Anatomy of an Air Conditioner
It feels as though every summer is getting hotter and hotter. Sometimes the only reprieve we have is from the central air conditioner. And let us just say, even on warm days, we’re so thankful for AC.
However, it’s a bit too easy to take the air conditioner for granted. While it’s easy to think of the AC as a metal box that lives outside, it’s actually much more complicated than that.
Central air systems are made up of two parts. The furnace and the condenser. One lives inside, the other outside. Twice yearly tune-ups are so important because your furnace is used the entire year.
Anatomy of an Air Conditioner: The Indoor Unit
Without the furnace, you wouldn’t have cool air. It’s weird to say, but it’s the truth. Most homeowners correlate the winter weather with furnace use, but this piece of machinery plays a key role in the cool process.
Your thermostat is how you talk to your AC system. The thermostat can tell the system if you want hot or cold air, and what temperature you prefer. It’s safe to say that if your thermostat isn’t working well, the whole system will be off balance.
Without the evaporator coil, you wouldn’t have cool air. But before we get into the nitty gritty, we need to talk about refrigerant.
Refrigerant is a “working liquid,” and it’s the whole reason your home can cool. This liquid pulls heat and humidity from the air inside your home.
Refrigerant lives in the outdoor condenser, but it is pumped from the condenser to the furnace to complete a cooling cycle.
When pumped to the evaporator coil, the refrigerant gets so cold it turns into a gas. This gas facilitates a heat transfer process that pulls any heat and humidity from warm air. The gas absorbs the heat and then sends that heat back outside.
Your HVAC system is constantly recycling air. It pulls in warm air that’s already inside your home. That air is pushed over the evaporator coil where the refrigerant cools it. Then, with the help of the blower, the now cool air can be distributed through your home.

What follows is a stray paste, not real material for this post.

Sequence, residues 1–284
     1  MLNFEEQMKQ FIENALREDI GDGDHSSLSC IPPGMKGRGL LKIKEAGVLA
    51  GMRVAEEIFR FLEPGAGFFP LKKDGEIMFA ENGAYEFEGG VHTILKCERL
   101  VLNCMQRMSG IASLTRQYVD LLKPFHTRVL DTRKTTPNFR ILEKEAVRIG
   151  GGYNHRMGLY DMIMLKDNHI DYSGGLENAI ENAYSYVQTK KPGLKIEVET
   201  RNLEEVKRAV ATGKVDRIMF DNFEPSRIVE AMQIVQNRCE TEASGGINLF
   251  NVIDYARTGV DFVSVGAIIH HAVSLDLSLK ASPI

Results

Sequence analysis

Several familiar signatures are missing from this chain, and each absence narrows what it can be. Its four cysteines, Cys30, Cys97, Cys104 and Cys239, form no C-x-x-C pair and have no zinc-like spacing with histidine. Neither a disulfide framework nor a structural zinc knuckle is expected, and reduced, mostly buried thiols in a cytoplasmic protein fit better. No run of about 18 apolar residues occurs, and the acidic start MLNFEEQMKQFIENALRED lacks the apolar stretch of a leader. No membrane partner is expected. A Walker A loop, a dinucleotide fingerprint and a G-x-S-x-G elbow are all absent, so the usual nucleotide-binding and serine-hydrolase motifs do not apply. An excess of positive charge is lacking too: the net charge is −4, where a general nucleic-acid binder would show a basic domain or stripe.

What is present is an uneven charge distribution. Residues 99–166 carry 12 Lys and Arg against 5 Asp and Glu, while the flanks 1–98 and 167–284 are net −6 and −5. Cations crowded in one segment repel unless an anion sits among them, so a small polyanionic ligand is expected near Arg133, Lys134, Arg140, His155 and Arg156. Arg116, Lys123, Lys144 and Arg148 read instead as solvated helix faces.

While refrigerant itself is a wonderful thing, there is also such a thing as too much and too little. The expansion valve determines exactly how much refrigerant is released into the evaporator coil.
This little device is located in the refrigerant line itself. The expansion valve allows the system to work at peak efficiency and won’t waste refrigerant.
If the evaporator coil were to get too much refrigerant, that refrigerant would collect at the bottom of the input line and essentially be wasted. When the evaporator coil gets too little refrigerant, it’s forced to work twice as hard to produce the air needed to cool your home.
The air in your home and HVAC system needs some power to move, and this is where the blower comes in. The blower first pulls air to the HVAC system from inside your home. It then sends that air over the evaporator coil where the air is cooled. Then the blower pushes the cooled air into the ductwork where it is sent throughout your home.
The blower needs something to keep it moving. This part is called the blower motor. It makes sure the blower fan is constantly rotating and keeping air in motion.
The filter is a small part of your system with two very big jobs. First, it keeps your HVAC system clean. It traps dirt and dust that can collect on your HVAC parts and hurt the system.
The second job it does is making sure the air in your home is safe to breathe. Depending on the size and materials, an air filter can pull dust, dander, allergens, and even viral particles from the air.